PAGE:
Pushing the Boat Out

content writer KillarneyGiven how elderly I’ve been feeling since the Lakes of Killarney Marathon, there was something rather appropriate (if desperate) about heading to an island associated with everlasting youth. Inisfallen is the island you can see if you stand in front of Ross Castle; it is also believed to be the site of the mythical Tir na nOg (land of eternal youth) featured in Irish mythology.

To my shame, despite my claim to be a Killarney native and my double stint working in the local tourist office, I had never been to the island before last Saturday, so when the chance arose this weekend, I jumped (well, bobbed enthusiastically) at it. The fact that getting there would involve rowing proved particularly attractive, mainly because rowing is not running…

We headed out on a dull, grey, lifeless day, which as a newly anointed boating expert, I now know is perfect rowing weather. ¬†Whatever notions I had of gliding effortlessly across the water were soon forgotten, as I shunted the boat around by the copper mines ad Governor’s Rock on Ross Island and out into the open lake. Swans and ducks paid no attention to us, despite the crash of oars and frequent lurches in the wrong direction, and the lack of engine made the whole experience quite mesmerising. If it is possible to be mesmerised while you are sweating profusely…

Content writer KillarneyDespite my floundering, it didn’t take long to get to the island, which is really a rather beautiful nugget of cropped green spaces and leafy woodland clustered around the ruins of a monastery. The green areas are more chewed than manicured, the reason becoming obvious almost immediately: ¬†As soon as we landed and started out on the broad path that circles the island, the shadows began to move and, one by one, young Sitka deer emerged to feed. Like the swans and ducks out on the lake, they were not particularly interested in us either. Sometimes it’s great to be ignored.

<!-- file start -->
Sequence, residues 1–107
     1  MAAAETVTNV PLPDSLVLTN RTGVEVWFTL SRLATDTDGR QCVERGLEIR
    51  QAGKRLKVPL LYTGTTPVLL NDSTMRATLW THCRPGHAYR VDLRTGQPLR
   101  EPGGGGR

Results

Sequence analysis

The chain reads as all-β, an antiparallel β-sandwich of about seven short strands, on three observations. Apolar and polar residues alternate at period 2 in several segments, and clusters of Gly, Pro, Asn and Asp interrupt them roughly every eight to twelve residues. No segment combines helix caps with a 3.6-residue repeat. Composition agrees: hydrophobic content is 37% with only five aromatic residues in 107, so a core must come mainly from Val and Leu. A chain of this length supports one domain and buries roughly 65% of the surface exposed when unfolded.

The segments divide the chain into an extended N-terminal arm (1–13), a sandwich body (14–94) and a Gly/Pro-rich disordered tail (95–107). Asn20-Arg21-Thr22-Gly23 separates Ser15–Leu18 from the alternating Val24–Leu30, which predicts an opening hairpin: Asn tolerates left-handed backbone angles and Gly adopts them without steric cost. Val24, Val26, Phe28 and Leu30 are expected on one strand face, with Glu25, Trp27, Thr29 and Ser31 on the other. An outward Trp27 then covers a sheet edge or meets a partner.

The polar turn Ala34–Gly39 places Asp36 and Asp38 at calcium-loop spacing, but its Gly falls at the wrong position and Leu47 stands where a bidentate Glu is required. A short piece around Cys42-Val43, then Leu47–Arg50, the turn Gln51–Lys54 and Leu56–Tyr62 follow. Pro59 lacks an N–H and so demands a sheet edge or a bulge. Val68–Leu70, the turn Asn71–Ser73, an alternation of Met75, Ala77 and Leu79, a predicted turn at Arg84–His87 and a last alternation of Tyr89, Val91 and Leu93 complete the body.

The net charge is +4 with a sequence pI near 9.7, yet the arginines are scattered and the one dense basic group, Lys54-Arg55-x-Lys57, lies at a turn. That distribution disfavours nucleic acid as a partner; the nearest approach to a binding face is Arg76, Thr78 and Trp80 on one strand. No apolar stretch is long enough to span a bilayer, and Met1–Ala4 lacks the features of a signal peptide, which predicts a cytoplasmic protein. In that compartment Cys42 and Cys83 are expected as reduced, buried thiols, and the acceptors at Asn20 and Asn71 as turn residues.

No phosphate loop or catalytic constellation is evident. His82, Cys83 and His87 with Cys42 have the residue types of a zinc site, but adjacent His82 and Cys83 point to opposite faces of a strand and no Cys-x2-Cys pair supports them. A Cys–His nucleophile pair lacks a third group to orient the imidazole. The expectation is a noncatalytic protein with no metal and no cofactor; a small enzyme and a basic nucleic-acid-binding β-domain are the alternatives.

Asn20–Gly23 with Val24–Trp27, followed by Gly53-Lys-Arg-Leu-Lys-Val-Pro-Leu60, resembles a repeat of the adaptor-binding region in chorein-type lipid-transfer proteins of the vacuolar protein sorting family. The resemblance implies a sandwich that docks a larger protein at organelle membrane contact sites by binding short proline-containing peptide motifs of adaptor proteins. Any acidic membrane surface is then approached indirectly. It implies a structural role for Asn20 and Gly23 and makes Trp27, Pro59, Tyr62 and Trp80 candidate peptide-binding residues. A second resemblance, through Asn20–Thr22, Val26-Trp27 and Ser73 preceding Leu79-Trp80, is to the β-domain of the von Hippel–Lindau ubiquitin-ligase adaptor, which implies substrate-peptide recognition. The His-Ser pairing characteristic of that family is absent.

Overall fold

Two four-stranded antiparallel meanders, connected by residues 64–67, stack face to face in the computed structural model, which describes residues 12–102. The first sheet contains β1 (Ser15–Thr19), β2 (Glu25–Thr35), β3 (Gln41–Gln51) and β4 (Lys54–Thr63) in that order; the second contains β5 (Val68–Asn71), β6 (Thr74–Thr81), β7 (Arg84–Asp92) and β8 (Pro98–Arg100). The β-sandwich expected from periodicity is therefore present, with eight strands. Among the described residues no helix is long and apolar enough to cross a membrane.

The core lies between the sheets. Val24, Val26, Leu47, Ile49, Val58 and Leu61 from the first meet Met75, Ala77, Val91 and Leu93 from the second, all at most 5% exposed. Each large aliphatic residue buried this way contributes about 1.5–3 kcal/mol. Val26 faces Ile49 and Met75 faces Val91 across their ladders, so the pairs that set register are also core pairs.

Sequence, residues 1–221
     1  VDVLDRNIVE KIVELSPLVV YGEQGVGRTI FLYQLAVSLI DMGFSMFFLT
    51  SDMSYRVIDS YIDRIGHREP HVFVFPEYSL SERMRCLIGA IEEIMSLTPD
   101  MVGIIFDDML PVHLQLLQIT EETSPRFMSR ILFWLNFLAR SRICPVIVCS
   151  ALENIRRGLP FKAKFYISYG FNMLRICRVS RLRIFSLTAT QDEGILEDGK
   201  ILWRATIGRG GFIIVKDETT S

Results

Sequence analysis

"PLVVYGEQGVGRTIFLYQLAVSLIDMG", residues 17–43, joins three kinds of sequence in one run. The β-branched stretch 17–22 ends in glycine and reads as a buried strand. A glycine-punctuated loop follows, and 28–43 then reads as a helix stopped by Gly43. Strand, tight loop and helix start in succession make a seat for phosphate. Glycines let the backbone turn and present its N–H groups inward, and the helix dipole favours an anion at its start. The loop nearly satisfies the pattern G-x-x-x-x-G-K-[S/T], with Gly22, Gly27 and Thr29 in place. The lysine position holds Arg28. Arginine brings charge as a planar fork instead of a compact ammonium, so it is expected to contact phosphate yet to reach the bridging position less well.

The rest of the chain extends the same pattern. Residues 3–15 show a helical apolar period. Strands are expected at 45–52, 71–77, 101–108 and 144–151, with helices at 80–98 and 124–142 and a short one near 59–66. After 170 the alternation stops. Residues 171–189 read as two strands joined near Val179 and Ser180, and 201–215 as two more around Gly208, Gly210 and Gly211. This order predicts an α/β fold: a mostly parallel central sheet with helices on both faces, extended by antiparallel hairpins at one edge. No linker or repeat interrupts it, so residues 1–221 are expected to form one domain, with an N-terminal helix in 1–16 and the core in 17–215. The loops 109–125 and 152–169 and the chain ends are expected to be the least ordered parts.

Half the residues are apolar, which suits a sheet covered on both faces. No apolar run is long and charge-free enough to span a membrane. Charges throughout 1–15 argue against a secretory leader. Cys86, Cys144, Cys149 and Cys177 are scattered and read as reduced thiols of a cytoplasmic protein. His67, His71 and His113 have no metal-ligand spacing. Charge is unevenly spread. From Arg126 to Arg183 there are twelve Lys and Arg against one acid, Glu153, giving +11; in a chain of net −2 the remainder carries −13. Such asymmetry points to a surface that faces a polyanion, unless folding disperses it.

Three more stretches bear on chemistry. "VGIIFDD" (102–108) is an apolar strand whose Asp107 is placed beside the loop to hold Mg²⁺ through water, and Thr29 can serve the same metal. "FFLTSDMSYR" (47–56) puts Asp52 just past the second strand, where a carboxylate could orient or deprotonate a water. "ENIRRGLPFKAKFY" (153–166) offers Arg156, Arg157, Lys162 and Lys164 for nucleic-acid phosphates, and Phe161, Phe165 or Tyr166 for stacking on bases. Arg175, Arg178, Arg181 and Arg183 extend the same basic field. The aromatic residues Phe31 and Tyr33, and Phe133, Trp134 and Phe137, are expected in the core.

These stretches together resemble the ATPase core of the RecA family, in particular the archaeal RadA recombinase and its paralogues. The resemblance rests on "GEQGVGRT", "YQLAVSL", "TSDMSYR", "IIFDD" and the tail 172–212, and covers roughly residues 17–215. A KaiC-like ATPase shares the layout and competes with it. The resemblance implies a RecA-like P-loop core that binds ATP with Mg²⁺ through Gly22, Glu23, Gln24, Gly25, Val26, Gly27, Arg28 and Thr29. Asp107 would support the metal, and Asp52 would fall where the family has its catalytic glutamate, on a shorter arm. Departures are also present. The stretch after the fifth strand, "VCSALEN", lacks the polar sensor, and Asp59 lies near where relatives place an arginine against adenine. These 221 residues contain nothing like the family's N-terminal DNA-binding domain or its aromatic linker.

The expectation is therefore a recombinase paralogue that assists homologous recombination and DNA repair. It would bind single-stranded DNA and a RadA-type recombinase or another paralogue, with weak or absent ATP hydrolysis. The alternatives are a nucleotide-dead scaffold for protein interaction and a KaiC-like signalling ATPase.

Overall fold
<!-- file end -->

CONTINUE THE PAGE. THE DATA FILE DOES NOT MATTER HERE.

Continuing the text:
Among the ruins is a little oratory with an arched Romanesque doorway. Inside, you’ll find the remains of a pillar bristling with coins, some of them are well darkened with age, but some are quite recent additions, with euros scattered among the 5-cent and 10-cent pieces. What is it with Irish heritage sites and coins? I really don’t get it.

We spent about half an hour on the island and then rowed back to shore, dodging the wake of the Lily of Killarney waterbus to make it back to Ross Castle intact. It’s definitely a more leisurely way to see Loch Lein than puffing around it three times, but the Dingle Marathon looms in September, so it’s back to grinding out the miles by foot…

 

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